|Re-Thinking the Design of Clinical Trials for the Development of New ARVs|
Re-thinking the Design of Clinical Trials for the Development of New ARVS for Treatment Experienced and Treatment Naïve Patient Populations
Drug development for the treatment of HIV infection has proceeded at an unparalleled pace. The approach that was adopted for clinical development -- including accelerated preliminary approval-- has facilitated the expansion of two drug classes available prior to 1995, to 6 drug classes by the end of 2007. While the palette of drugs from which to construct a regimen is significantly more expansive than it was in the past, the HIV community remains in need of additional new drugs to treat drug resistant virus as well to ensure safety and tolerability for all populations.
It is now time to reconsider our approach to drug development in order to ensure the highest level of safety for patients participating in clinical trials while maintaining an adequate pipeline of new drugs. The goals of the Forum for Collaborative HIV Research Roundtable are to review, discuss and develop consensus in the field of antiviral drug development. These discussions will help to identify the best mechanisms to study drugs for treatment experienced and treatment naïve patients from the US and European perspective.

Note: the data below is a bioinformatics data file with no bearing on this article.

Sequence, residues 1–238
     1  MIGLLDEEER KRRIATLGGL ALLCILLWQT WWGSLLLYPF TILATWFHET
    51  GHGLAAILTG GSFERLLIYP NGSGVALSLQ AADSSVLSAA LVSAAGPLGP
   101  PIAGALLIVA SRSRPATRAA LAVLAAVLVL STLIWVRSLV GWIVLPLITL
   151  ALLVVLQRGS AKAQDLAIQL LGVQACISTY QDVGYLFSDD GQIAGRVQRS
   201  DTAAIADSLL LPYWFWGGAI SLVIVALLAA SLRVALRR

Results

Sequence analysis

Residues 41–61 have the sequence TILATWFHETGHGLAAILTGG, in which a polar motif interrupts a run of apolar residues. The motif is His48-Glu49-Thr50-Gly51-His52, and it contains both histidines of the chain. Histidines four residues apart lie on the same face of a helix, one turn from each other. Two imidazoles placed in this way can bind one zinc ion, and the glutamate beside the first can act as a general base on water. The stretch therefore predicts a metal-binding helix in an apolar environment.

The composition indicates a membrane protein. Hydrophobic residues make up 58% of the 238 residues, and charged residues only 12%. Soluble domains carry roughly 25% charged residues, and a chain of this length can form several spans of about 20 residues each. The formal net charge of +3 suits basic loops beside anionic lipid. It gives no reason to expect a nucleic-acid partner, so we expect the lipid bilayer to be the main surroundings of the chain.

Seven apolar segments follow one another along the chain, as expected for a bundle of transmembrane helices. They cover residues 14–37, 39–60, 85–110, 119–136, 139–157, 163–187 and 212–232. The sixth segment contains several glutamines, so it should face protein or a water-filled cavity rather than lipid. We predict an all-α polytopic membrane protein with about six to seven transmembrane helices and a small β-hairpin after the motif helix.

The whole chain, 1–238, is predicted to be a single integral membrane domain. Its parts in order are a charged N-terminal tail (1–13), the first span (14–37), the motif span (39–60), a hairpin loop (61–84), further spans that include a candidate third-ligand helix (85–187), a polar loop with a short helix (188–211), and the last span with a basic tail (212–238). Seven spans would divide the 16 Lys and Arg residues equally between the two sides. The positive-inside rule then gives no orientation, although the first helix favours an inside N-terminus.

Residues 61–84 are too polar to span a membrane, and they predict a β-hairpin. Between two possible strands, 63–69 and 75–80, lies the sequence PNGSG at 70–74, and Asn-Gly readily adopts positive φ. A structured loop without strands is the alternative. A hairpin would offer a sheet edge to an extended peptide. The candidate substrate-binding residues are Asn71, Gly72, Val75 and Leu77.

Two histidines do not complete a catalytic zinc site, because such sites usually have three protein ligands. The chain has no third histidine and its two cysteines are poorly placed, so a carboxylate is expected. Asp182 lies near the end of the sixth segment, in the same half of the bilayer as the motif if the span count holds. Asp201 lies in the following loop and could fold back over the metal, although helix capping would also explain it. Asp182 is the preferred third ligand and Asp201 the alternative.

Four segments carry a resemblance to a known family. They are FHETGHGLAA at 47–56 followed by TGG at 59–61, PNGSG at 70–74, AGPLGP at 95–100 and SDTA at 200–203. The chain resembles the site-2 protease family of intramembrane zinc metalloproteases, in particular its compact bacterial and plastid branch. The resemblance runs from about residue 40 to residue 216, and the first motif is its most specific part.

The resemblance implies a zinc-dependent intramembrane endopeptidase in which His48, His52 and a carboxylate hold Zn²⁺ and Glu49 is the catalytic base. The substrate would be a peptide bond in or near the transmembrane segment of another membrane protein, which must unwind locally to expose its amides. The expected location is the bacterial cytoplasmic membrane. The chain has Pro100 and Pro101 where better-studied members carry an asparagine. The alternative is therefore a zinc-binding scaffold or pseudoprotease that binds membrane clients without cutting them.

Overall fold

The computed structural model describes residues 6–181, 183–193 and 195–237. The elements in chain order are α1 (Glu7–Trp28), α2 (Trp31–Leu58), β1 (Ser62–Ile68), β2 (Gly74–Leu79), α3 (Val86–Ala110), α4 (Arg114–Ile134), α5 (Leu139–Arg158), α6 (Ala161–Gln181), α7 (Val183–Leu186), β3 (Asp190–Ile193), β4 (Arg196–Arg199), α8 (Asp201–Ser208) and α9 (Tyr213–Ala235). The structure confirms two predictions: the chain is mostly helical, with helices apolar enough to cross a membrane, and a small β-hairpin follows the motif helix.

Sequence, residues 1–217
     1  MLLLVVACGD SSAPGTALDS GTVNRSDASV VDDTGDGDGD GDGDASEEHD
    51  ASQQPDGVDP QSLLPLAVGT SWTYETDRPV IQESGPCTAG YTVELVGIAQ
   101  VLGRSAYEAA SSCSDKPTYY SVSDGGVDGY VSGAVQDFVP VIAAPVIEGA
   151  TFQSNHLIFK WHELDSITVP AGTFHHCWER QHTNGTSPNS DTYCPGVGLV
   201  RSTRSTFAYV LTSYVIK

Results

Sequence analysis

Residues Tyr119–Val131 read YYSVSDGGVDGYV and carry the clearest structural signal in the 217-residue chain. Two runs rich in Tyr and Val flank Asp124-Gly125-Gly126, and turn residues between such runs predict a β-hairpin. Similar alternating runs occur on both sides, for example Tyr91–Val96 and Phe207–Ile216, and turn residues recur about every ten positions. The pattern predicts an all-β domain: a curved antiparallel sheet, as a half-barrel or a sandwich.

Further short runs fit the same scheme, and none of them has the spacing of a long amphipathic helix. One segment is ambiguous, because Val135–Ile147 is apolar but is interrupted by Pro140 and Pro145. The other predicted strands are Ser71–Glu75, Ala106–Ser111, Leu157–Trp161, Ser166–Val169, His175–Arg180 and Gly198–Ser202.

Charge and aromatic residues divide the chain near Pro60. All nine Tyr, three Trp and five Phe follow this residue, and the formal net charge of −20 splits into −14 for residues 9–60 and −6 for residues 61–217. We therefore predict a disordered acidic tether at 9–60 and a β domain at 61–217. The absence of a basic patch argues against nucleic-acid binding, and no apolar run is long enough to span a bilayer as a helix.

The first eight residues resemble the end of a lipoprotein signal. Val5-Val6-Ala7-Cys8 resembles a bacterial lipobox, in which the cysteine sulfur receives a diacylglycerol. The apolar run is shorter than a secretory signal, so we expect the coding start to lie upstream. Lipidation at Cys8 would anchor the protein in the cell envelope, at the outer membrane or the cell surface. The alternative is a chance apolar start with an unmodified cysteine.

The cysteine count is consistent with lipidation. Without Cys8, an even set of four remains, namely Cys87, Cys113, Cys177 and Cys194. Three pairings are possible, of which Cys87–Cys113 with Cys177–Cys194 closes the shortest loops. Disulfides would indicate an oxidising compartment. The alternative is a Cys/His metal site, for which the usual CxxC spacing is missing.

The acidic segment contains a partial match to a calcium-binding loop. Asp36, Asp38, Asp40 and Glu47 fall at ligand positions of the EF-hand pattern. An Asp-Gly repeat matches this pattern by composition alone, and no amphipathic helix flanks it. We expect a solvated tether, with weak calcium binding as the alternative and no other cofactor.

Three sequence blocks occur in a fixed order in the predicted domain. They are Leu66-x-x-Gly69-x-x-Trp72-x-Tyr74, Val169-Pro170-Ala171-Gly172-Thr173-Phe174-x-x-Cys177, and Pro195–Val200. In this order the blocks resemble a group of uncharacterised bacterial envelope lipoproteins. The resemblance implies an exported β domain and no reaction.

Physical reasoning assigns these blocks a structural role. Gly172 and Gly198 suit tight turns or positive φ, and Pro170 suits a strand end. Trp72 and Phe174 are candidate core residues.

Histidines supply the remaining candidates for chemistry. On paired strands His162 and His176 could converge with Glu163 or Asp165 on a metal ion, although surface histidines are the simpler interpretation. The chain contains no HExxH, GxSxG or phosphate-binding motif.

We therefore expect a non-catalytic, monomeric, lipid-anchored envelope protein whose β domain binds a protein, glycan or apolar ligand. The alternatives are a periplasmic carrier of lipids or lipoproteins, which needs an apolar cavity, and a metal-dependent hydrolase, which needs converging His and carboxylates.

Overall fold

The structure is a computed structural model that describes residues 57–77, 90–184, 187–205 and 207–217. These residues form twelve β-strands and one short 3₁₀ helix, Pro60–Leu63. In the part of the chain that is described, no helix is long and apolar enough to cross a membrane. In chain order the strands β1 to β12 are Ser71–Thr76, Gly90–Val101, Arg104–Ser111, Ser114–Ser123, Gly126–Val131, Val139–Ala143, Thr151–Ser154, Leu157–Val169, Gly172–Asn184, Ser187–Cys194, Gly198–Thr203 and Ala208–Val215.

I. Treatment-Experienced Study Topics
For purposes of discussion, we should define the relevant population for whom designing comparative trials is challenging. In the past (2001) we defined treatment-experience as patients who had a loss or lack of virologic response to at least two HAART regimens that, in total, have included at least one member of each of the approved drug classes (NRTI, NNRTI and PI). In other words, we propose to define the populations based on what they have available to them rather than what they have failed on.
Treatment-Naïve Study Topics
This will be relevant for drugs for which the intent is to obtain an indication for both, treatment naïve and treatment-experienced indication.
The meeting was held on January 10-11, 2008 in Washington DC. A summary of the meeting outcome has been published in AIDS 2008, 22:2419–2427.